Almost Human Review: “Skin” (Season 1, Episode 2)


Boobs. Boobs, purple garters and appropriately sultry music. That’s what this week’s episode of Almost Human opens with, though episode director Michael Offer laces these titillating elements and the forced pillow talk with a muted sense of paranoia which repeatedly surfaces in key synthetic-human interactions. It’s this commoditization and tenacious nature of relationships, be they offered, artificial, or the artificial offerings represented by the sex-bots that the show dives into in this week’s offering.

For the most part, it hits the mark.

Following the necessary world and personality-building established in the pilot, much of the show’s strength rides upon the buddy-cop chemistry between Kennex and Dorian. The show does well not to push this relationship into ground-breaking new depths; rather, the pair operate at a level of mutual respect that goes hand-in-hand with the kind of swift, ever-mutating Whedon-like banter that Urban delights in and Ealy rises to. “I couldn’t help but notice you’re backed up,” Dorian says at a point, delicately referring to the state of Kennex’s overflowing testicles — to which Kennex initially objects, before the pair of them swiftly fall into the topic of relationships.

While I’m usually fazed by the tendency of shows to delve into characters mid-conversation, even Almost Human‘s most blatant of character-development sermons (which occurs in a car, with Dorian pondering the nature of death and memory) is tolerably poignant — a testament to both the commitment of the actors, and my affection for their budding personalities.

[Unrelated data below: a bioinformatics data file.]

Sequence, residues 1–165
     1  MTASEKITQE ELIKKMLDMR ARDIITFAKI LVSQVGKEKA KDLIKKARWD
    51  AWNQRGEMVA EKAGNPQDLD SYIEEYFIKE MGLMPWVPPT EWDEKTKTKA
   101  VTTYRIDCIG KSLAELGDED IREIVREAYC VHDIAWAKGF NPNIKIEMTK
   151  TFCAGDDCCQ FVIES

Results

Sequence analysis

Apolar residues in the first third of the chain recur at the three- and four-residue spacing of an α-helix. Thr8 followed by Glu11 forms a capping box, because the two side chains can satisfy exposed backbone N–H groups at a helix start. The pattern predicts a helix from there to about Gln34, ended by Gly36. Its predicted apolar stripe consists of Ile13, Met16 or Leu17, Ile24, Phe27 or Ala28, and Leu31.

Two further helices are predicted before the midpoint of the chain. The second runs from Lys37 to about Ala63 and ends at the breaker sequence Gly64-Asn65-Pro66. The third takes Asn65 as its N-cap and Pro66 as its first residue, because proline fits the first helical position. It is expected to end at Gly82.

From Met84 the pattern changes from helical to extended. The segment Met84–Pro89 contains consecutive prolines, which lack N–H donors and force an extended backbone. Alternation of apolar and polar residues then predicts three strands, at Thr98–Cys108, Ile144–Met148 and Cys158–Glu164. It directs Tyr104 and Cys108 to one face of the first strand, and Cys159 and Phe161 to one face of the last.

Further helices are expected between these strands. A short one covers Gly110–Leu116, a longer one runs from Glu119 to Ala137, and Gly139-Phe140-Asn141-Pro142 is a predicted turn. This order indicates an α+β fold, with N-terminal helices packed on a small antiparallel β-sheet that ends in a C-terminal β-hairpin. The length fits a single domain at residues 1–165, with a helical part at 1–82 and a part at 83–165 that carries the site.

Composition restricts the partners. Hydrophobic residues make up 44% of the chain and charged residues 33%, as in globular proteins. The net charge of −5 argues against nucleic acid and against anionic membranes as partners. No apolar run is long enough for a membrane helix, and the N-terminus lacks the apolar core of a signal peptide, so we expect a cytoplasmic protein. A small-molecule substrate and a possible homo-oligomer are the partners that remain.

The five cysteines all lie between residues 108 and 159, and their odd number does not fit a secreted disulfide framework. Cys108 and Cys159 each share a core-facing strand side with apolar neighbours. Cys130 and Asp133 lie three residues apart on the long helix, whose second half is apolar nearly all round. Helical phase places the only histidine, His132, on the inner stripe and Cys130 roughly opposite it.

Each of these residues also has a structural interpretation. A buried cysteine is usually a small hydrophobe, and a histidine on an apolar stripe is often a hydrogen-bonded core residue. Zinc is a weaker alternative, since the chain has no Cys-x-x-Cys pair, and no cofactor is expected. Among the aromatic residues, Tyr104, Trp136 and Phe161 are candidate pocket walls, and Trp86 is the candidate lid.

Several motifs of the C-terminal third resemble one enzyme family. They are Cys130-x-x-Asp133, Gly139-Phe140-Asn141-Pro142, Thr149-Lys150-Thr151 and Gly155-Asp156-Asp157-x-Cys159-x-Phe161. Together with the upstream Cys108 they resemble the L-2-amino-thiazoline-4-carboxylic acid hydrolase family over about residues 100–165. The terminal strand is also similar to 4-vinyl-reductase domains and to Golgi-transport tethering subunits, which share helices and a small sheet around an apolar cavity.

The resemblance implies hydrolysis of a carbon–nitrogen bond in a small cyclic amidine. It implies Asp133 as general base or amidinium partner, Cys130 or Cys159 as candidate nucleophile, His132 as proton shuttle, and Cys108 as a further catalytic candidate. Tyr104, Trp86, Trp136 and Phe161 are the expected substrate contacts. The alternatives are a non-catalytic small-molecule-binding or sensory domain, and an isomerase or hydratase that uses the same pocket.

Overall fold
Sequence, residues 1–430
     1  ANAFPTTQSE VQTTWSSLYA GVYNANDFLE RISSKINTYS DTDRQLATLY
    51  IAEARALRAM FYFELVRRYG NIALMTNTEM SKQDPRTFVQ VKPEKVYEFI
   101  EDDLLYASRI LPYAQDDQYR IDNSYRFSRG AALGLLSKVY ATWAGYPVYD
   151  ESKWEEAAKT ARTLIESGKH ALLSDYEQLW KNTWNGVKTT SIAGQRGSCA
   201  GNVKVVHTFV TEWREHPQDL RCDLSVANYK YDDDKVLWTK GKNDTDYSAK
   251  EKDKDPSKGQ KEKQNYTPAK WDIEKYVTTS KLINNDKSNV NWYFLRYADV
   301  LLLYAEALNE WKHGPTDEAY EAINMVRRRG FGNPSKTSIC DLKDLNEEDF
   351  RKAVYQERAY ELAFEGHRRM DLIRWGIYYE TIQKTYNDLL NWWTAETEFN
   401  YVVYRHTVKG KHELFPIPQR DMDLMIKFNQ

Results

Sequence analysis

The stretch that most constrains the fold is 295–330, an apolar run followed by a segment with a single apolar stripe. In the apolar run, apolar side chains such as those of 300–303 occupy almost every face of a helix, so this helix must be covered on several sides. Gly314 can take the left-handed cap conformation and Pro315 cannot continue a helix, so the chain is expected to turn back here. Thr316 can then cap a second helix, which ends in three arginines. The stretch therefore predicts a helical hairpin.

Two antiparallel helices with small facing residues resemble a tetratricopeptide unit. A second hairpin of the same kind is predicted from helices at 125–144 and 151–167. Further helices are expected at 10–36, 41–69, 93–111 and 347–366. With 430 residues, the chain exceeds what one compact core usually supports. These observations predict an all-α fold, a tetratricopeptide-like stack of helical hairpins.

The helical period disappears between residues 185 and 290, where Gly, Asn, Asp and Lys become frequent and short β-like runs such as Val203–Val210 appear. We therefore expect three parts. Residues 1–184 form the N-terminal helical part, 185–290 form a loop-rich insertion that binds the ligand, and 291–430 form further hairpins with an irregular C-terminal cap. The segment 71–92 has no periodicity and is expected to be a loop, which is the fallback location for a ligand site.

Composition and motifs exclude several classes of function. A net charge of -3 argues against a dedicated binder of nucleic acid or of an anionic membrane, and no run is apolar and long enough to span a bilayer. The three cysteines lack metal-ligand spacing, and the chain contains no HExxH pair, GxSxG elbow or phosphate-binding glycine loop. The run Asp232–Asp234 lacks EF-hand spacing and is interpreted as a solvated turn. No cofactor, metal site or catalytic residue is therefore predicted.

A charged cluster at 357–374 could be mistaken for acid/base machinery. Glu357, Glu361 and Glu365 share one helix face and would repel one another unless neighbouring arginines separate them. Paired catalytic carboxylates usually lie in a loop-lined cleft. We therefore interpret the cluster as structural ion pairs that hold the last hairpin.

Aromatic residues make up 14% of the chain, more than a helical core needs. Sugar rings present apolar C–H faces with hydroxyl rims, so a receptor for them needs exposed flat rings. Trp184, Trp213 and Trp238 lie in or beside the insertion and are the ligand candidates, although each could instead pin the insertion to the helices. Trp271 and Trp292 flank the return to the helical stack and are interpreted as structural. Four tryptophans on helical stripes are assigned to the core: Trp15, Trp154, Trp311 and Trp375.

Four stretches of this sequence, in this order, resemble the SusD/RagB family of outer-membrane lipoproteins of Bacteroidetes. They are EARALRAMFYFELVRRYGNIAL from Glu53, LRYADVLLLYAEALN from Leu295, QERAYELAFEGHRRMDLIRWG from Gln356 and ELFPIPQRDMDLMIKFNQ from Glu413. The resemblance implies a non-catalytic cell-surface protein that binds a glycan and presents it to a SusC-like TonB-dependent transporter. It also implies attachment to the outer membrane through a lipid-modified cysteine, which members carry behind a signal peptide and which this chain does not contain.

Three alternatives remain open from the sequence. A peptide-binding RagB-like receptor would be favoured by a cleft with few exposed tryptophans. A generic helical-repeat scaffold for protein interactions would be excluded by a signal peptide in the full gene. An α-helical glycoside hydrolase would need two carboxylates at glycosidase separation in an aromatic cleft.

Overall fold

While science-fiction procedurals are an uncommon conceit, to say the least, Abrams delivers yet another pleasantly diverting case-of-the-week crime: this time, women across the city are abducted to supply human skin for a growing black-market trade of properly fleshy sex-bots. Admittedly, this element’s stripped straight from procedural stock: the show’s yet to hit its stride in delivering a fresh slant upon crimes, and the crime scenes themselves are often choppy and unclear. That, and Almost Human‘s tendency to pump techno-disco-rave music through the speakers whenever Kennex and co. whip out their guns has begun to grate; while the soundtrack would have made sense within the club settings they frequented in their investigation, it’s fair to assume that a “skin laboratory” would be a sterile, silent workplace. Woven through the belly of this black-market plot is Dorian’s attempts to nut out the workings of human relationships and their complexities, versus the programming he’s too familiar with.